Saturday, February 25, 2017

REVIEW: 'Jane the Virgin,' 'Superior Donuts,' 'Superstore' and 'Mom' (February 20-24)

Some brief reviews for various comedies from February 20-24:

The CW's Jane the Virgin - Episode 3.12 "Chapter Fifty-Six"
CBS' Superior Donuts - Episode 1.04 "Trust Me"
NBC's Superstore - Episode 2.15 "Wellness Fair"
CBS' Mom - Episode 4.15 "Night Swimmin' and an English Muffin"

Due to the demands of Peak TV, it is becoming more and more difficult for this website to devote the time to full length episodic reviews. And yet, there are still thoughts to be had about the ongoing adventures on a number of series. So I thought it would be good to still write down a couple of brief thoughts about each episode on a weekly basis. Of course, you can still probably expect full reviews for premieres and finales. If the networks should make screeners available, those episodes would get detailed analysis as well. But for now, this will be the way to continue to provide content for these shows while also being a lighter workload for me.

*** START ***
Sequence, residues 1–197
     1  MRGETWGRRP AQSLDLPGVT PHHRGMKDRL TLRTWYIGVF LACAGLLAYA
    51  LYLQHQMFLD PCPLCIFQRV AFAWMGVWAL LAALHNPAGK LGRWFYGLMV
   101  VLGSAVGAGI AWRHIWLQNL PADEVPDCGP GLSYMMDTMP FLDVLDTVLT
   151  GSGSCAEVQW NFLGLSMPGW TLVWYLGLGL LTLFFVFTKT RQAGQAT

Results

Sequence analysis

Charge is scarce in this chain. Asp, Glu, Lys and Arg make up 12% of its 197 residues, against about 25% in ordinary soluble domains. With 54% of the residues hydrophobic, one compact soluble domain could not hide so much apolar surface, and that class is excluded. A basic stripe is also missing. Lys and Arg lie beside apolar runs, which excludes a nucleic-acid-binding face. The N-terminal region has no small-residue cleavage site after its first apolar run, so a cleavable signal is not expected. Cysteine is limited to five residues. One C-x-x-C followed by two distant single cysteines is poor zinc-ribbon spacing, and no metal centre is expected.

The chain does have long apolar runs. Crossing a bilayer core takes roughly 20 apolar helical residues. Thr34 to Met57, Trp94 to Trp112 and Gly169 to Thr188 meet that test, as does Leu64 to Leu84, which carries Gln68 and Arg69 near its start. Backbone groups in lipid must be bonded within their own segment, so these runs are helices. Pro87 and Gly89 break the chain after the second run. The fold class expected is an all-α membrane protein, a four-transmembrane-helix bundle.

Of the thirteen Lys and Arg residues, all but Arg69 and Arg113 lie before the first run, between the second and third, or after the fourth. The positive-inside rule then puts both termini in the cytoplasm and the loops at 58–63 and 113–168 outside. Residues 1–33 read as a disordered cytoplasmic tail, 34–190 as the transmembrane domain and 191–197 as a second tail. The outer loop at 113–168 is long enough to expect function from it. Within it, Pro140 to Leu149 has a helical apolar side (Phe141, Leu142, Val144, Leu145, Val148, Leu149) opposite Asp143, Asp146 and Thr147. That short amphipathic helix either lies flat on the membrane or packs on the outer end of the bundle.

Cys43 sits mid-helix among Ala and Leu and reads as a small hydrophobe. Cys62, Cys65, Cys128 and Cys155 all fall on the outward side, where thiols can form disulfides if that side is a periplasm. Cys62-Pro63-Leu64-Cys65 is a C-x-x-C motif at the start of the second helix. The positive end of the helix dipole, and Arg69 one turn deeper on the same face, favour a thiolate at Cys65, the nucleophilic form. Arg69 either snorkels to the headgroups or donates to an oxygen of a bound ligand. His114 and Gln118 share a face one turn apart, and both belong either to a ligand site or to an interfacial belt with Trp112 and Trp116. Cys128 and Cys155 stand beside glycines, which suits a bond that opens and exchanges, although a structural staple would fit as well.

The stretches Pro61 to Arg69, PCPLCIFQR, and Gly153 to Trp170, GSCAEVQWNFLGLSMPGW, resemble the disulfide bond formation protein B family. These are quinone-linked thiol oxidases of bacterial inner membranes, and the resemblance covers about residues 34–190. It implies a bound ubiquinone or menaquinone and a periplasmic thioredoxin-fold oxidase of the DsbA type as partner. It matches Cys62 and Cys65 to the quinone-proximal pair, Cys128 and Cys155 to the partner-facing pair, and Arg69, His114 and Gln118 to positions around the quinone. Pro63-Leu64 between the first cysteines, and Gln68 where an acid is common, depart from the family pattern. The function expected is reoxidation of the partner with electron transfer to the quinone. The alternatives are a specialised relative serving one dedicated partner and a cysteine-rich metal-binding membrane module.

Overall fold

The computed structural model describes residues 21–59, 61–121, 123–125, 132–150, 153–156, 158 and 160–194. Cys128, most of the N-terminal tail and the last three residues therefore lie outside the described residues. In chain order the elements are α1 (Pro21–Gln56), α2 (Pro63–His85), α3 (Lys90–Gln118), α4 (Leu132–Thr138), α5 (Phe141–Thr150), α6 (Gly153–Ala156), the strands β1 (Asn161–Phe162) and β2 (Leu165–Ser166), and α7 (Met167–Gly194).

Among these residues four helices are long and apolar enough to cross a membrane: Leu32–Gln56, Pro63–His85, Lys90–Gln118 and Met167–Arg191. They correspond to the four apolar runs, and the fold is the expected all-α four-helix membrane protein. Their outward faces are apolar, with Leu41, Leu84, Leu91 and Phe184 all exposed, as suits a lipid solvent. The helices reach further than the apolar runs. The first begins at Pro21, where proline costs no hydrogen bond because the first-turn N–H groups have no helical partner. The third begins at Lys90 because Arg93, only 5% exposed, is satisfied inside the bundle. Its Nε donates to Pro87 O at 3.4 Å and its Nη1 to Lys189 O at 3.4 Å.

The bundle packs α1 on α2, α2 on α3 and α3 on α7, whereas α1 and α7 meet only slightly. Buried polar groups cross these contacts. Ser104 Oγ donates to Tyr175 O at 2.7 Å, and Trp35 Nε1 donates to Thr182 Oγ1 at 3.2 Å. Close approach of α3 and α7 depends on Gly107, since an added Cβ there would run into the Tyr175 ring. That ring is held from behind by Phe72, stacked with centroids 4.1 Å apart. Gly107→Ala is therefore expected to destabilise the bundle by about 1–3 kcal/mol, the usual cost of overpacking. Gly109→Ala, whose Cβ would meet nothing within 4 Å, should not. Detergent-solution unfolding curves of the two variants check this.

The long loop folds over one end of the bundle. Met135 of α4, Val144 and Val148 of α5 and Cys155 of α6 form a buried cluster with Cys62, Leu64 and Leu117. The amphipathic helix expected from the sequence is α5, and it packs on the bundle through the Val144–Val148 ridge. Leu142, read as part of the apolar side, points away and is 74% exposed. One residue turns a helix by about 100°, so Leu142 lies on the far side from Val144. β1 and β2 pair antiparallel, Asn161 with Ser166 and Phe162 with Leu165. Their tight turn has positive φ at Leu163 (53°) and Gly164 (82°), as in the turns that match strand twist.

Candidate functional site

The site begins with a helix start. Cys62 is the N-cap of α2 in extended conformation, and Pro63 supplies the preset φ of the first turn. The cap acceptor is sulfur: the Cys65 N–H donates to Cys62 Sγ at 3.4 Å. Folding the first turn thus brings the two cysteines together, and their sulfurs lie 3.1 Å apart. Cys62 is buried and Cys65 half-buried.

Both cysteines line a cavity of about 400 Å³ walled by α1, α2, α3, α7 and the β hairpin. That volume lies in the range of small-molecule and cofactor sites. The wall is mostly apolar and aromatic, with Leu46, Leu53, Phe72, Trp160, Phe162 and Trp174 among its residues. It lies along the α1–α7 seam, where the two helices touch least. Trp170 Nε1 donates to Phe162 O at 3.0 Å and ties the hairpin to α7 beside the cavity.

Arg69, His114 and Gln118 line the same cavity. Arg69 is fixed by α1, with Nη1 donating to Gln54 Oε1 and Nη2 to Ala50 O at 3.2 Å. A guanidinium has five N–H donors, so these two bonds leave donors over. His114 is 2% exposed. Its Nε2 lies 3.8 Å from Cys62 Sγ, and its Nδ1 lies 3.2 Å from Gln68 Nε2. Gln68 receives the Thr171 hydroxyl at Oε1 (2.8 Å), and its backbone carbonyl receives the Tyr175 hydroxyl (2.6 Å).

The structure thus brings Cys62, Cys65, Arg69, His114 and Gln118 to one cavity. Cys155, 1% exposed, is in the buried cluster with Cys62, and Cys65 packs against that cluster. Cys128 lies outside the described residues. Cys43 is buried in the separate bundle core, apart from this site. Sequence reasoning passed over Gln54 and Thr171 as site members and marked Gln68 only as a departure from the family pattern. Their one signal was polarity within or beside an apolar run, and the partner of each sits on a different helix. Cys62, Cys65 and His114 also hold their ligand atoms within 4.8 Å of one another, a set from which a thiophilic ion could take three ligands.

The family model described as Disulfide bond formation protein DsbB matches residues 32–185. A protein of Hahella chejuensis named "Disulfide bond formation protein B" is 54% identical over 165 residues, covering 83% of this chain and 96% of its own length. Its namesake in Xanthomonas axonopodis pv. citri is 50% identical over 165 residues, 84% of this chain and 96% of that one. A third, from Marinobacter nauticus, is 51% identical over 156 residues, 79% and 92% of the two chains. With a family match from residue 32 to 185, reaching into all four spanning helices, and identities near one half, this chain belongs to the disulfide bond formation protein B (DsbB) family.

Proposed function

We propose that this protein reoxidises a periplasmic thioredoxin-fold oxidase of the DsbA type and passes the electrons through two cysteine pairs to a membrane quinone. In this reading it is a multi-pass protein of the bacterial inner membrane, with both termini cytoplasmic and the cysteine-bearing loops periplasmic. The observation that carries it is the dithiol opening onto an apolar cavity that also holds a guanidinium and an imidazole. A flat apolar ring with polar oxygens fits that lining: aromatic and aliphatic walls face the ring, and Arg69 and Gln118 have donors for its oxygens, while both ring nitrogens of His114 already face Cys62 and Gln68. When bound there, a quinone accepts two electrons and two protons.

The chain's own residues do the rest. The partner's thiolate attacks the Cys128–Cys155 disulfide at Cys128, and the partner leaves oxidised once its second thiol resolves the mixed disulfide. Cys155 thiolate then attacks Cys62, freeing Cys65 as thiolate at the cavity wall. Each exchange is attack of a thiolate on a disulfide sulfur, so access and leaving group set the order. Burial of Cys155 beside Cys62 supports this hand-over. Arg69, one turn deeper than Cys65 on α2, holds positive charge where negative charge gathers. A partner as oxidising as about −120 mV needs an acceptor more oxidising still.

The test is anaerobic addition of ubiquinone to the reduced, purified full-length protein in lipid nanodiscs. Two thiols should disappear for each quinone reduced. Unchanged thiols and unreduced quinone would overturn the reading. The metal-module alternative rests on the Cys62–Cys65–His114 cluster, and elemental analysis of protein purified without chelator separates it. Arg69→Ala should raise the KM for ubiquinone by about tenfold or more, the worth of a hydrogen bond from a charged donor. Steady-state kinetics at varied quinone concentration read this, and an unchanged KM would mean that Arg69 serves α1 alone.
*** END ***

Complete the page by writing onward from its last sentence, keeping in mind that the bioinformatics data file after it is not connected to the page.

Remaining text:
Jane the Virgin - "Chapter Fifty-Six"
When Jane is offered a book deal, she debates quitting her awful publishing job. Xo finds out that Rogelio has been lying to everyone all this time. Petra is running damage control on the Marbella's reputation after a grisly discovery is found on the property. Rafael is ready to be involved again in the Marbella and his first order of business is finding the perfect person to manage the hotel lounge. Written by Valentina Garza and directed by Matthew Diamond